When Deconstruction Becomes Destruction

It is, I think, an unfortunate choice of words that some speak of examining their belief system as “deconstructing faith.” It is unfortunate because the origins of deconstruction are in literary critical theory, a theory that has no particular regard for objective truth. Indeed, one of the hallmarks of deconstruction is that there is no such thing as truth, there is only culturally conditioned understandings of our world.

One should distinguish between this and revising the tenets of a belief system because we find something to be unscriptural or unreconcilable with Scripture.

For example, if I through my upbringing am led to believe that a minister of the gospel must wear special vestments while performing his ministerial duties, yet I come to see through research and investigation that such was never part of the early church, I should revise this to say I no longer believe it necessary for a minister to wear such clothes. Is this a “deconstruction” of belief? Perhaps it is, but most of the deconstruction one sees is not as innocuous as this.

The deconstruction we see most frequently is, at the core, a hermeneutical enterprise. That is, it gets at our approach to the text of Scripture, and at its authority. If I am convinced that there is no reading of Scripture that is not culturally conditioned, and that the biases and presuppositions we each bring to the text color our understanding, I may conclude that a true and accurate understanding of Scripture is not possible. Indeed, this is where some arrive when they have thoroughly “deconstructed” their faith.

But such a sharp dichotomy is far too facile an understanding of what is possible. Our understanding of language and text is rarely such that we say we understand absolutely everything, or absolutely nothing.  D.A. Carson comments on such a misconception.

“Although none of us ever knows any complicated thing exhaustively, we can know some things truly. Our confidence in what we know may not enjoy the certainty of Omniscience, but it is not condemned to futility. Even a child may believe and understand the truth of the proposition “God loves the world,” even when the child’s knowledge of God, love, and the world is minimal, and her grasp of Johannine theology still less (John 3:16). With patient study and increased learning and rising experience, a believer may come to understand a great deal more about the proposition “God loves the world” than does the child.”[1]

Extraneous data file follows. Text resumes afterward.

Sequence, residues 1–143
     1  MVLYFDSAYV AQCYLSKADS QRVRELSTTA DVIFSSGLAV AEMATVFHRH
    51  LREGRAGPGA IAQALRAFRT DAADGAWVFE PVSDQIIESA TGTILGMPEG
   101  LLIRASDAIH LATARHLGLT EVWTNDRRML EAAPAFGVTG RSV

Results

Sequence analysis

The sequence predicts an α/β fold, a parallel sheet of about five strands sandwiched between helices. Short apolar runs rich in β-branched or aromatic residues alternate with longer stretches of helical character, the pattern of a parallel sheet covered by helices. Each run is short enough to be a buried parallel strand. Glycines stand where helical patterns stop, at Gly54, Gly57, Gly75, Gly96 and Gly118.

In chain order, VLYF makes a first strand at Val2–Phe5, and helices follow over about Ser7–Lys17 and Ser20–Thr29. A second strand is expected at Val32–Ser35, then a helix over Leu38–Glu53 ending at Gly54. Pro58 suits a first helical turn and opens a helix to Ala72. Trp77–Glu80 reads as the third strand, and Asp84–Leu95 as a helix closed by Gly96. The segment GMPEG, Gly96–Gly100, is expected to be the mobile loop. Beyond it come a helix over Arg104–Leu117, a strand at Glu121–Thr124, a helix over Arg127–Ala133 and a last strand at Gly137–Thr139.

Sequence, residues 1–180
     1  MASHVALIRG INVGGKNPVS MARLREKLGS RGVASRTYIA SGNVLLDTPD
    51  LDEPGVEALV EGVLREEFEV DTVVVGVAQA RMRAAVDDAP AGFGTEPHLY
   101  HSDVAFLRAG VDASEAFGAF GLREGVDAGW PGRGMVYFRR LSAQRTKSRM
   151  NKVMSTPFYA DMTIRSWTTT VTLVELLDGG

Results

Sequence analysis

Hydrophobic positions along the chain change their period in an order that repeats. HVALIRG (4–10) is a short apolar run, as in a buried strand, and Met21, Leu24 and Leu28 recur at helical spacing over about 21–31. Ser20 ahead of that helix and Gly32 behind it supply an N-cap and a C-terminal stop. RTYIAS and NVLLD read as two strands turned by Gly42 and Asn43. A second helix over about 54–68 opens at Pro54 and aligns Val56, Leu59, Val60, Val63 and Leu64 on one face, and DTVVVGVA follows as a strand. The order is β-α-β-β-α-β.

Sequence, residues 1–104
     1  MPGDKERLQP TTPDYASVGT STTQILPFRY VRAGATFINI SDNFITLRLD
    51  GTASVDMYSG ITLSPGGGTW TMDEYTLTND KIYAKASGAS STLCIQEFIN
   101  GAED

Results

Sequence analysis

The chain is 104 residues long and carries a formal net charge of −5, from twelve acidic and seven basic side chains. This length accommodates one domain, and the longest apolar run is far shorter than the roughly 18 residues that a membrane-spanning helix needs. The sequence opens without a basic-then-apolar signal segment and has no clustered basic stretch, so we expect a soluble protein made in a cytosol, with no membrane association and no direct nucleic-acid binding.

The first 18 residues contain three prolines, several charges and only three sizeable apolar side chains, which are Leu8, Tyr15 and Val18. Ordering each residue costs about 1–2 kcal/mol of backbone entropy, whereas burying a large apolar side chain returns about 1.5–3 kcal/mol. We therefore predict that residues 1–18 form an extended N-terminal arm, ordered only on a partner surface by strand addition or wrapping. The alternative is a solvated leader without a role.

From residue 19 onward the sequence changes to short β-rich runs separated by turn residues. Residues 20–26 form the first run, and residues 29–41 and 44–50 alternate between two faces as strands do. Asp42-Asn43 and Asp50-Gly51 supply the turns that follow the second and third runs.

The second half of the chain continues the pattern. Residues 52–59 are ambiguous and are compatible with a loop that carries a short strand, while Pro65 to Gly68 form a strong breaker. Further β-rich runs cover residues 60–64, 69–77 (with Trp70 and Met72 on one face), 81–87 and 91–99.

And it is here where many assume that through their deconstruction they are freeing themselves from oppressive or wrong-headed beliefs of their former community. Thus “Exvangelicals” point a finger at abuses within the evangelical world and stand apart from it. But it’s less often considered whether this is but an exchange of one culturally-conditioned understanding of Christianity for another. If one cannot know anything with certainty, then one cannot know that the new interpretive community is any truer than the last. Indeed, by the principles of deconstruction, one can in fact affirm it is not truer—only different.

The outcome of much deconstruction is a backdoor scuttling of both the authority and sufficiency of Scripture. The line of thinking proceeds something like this: Scripture may be inerrant and infallible (or not) but our interpretations of it are certainly fallible. For this reason, no interpretation of Scripture is to be favored or privileged over any other. They all have equal validity. The personal experience of readers then assumes an outsized role in how we understand God’s Word, or whether God has spoken authoritatively at all. But all readers haven’t done the same work or study of the text. To say that someone reading John’s gospel for the first time has an interpretive position of equal validity to one who has studying the text for decades is ridiculous. We treat no other human endeavor in such a way

There are revisions to our understanding of Scripture we can undertake. But we shouldn’t confuse the setting aside of human tradition or of cultural accretions with an embrace of uncertainty and confusion. Deconstruction leads to destruction if we think that our limitations in understanding mean that God has not given us a revelation, has not spoken with an intent that we do understand him.  John writes that “these are written so that you may believe that Jesus is the Christ, the Son of God, and that by believing you may have life in his name.” (John 20:31) Revelation as a basis for faith, and the knowledge of God—this is why John wrote. Luke, also, told Theophilus he was writing “that you may have certainty concerning the things you have been taught.” (Luke 1:4) None of us knows exhaustively, but Scripture is given such that we may know sufficiently and confidently. If your deconstruction leads you away from this, it’s taken you in the wrong direction.


[1] D. A. Carson, The Gagging of God: Christianity Confronts Pluralism (Grand Rapids, Mich.: Zondervan, 1996), 121-122.

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